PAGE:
If you’ve just planted your own basil plant, you’ll want to make sure you take the proper steps to ensure that it grows well. You’ll find a number of growing tips below to help you get your basil off to a good start.
Watering basil from the top or bottom
When growing basil, it is important to keep the soil moist, but not soaked. This can lead to fungal diseases, scorch, and yellowing of the leaves. A good watering schedule will help you avoid these problems.
While basil can be grown indoors, it is easier to water the plant outdoors. You will need to be sure to water the basil early in the morning before the sun is hot. Watering at night is also not a good idea, as it can cause the soil to dry out more quickly.
Depending on the type of basil you are growing, it will need to be watered at least a few times a week. If you are using a container, you can water it on a daily basis, but be sure to check the soil.
Using a wand to water your basil plant is a much better option than bending over or standing. It makes it easier to focus the water on the base of the plant.
Harvesting basil before the plant flowers
If you want to get a head start on the season, harvesting basil before the plant flowers is a great way to ensure you have a steady supply of fresh leaves. Not only will you be able to use the plants as you need them, but you can even freeze them for later use.
The best time to harvest your basil is the day the plant reaches about 6-8 inches tall. This is the height at which you should be able to remove the top half of the stem, but you can leave a few inches intact if you prefer.
When harvesting basil, it’s important to avoid cutting off the flower buds. Basil will grow better when you prune it regularly. Once you have harvested the main stem, you can either remove the flower spikes or trim off the rest of the leaves.
Using a small pair of scissors to slice off the thick stems is a good idea. You can even tie it up with some garden twine to keep it in place.
Pests and diseases that can affect basil plants
Basil is one of the most popular herbs to grow. It is a sun loving plant, and can be used for both culinary and ornamental purposes. However, basil plants are also susceptible to pests and diseases. They can be plagued with downy mildew, fusarium wilt, and leaf spot.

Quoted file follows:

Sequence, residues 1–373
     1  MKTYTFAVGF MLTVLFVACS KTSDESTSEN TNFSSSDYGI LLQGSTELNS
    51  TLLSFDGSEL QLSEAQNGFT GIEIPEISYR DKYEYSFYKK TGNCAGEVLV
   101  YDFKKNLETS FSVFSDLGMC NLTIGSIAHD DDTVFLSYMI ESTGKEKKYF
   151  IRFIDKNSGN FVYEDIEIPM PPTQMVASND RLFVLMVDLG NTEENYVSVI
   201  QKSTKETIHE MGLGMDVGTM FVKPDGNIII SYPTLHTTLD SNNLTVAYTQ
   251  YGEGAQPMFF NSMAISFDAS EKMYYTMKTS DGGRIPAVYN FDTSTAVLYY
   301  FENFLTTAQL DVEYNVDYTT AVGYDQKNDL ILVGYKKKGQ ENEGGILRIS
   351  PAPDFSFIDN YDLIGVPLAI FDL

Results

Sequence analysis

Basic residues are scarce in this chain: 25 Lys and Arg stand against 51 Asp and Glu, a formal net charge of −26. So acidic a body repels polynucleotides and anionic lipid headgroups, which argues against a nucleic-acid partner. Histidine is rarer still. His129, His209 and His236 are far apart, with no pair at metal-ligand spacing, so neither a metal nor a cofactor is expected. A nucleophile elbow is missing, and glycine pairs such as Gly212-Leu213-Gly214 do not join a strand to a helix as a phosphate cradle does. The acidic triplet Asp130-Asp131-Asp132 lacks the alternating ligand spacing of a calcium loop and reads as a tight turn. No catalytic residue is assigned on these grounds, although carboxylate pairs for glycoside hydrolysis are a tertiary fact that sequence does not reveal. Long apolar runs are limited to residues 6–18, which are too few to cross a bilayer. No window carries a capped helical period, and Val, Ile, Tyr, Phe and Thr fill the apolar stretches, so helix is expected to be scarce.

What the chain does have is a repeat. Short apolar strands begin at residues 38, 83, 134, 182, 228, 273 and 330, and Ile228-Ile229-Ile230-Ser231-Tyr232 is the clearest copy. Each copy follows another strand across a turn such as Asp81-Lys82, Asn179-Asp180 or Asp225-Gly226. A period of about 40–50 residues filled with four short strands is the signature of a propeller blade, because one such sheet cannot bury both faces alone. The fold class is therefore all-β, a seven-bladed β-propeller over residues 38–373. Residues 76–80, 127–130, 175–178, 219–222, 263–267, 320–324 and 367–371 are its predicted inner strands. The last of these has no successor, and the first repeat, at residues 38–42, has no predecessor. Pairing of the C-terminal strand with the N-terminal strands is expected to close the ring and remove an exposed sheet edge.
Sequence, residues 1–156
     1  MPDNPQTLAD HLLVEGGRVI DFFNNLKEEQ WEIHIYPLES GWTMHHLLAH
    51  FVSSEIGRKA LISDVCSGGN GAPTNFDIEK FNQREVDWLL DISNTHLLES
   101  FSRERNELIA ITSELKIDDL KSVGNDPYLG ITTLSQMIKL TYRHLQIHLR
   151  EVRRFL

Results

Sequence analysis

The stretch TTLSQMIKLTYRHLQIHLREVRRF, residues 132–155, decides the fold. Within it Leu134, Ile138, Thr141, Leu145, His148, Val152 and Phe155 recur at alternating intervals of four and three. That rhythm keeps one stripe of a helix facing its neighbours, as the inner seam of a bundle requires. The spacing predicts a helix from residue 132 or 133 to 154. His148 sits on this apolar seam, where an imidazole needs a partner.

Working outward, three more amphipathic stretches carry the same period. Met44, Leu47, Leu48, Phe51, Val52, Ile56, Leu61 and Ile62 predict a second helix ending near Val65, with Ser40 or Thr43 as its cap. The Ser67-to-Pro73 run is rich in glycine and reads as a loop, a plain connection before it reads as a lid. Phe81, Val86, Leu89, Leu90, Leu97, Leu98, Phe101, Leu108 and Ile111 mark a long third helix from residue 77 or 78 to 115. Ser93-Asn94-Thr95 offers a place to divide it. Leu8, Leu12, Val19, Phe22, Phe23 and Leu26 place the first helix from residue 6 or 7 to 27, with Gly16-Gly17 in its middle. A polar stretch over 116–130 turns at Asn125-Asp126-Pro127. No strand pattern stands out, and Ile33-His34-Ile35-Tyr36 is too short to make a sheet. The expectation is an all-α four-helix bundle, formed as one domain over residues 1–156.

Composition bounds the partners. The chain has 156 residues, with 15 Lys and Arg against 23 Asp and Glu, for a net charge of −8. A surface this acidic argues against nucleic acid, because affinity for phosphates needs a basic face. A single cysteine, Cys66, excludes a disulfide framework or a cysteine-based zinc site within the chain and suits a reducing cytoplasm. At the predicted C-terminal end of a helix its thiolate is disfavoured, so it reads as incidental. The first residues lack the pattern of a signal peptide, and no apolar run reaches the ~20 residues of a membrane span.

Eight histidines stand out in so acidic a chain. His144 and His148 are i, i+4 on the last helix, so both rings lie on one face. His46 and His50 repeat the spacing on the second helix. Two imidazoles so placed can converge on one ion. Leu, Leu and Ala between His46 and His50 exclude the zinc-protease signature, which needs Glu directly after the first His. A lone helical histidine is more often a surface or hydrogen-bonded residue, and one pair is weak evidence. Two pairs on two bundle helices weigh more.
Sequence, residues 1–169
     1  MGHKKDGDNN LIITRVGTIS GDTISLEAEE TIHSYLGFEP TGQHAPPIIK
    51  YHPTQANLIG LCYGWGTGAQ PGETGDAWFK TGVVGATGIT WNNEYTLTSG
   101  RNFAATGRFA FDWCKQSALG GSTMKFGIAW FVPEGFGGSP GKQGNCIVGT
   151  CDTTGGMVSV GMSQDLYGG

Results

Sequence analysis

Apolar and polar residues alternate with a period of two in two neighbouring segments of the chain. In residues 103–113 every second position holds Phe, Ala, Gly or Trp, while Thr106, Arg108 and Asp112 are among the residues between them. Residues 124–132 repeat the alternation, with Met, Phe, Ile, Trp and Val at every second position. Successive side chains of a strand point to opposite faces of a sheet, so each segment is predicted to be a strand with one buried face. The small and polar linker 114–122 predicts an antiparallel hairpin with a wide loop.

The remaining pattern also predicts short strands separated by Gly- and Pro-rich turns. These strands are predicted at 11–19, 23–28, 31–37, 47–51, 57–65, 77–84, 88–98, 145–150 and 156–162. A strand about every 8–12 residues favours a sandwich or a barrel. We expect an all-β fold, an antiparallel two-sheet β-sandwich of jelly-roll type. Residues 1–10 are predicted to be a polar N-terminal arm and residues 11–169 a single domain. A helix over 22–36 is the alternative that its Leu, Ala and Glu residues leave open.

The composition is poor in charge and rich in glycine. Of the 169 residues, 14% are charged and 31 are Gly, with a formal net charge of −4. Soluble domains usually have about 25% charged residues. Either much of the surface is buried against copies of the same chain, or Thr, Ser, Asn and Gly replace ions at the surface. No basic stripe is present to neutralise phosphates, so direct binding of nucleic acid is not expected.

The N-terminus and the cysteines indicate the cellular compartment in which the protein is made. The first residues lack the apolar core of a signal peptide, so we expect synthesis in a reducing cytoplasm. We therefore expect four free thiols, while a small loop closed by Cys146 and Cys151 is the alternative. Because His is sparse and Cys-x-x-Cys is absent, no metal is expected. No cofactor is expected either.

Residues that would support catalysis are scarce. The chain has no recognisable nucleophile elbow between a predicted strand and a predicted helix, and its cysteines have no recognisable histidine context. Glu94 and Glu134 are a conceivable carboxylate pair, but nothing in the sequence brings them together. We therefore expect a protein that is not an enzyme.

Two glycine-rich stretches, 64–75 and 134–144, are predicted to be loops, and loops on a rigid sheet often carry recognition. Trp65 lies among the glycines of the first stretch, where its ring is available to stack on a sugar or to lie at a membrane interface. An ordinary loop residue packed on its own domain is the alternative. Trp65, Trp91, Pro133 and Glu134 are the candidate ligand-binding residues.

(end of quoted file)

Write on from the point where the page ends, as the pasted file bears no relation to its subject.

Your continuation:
Downy mildew can be extremely detrimental to your basil plant, and can affect the entire crop. Infected leaves can begin to discolor and turn yellow. You can also notice patches of brown necrotic tissue on the leaves. If your basil plants are infected with downy mildew, you should remove them immediately.
Flea beetles are an infestation that can be quite frustrating to deal with. These bugs can infest your basil plants, and their shiny bodies can make it difficult to tell them apart.
Aside from the obvious damage, flea beetles also inhibit plant growth. This is especially true of immature plants. To help prevent them, you can use neem oil or insecticidal soap to kill them.
Propagate your own basil plants
If you love basil but can’t keep it all, you may want to learn how to propagate your own basil plants. This is a great way to share your love of this herb with friends and family. It is also a great gift.
Basil grows in several growing zones across the United States. It works well in raised beds and in containers. You can also purchase fresh basil at a grocery store. But when you buy basil from the supermarket, it will die in a day or two.
The best time to propagate basil plants is when they are young. They need a lot of light and warmth to grow. So make sure you place your seedlings in a sunny spot. Ideally, the soil should be moist, but not too wet.
Once your basil seedlings have developed their first leaves, you can divide them. This is the easiest way to get new plants. However, it can take several weeks for the cuttings to root.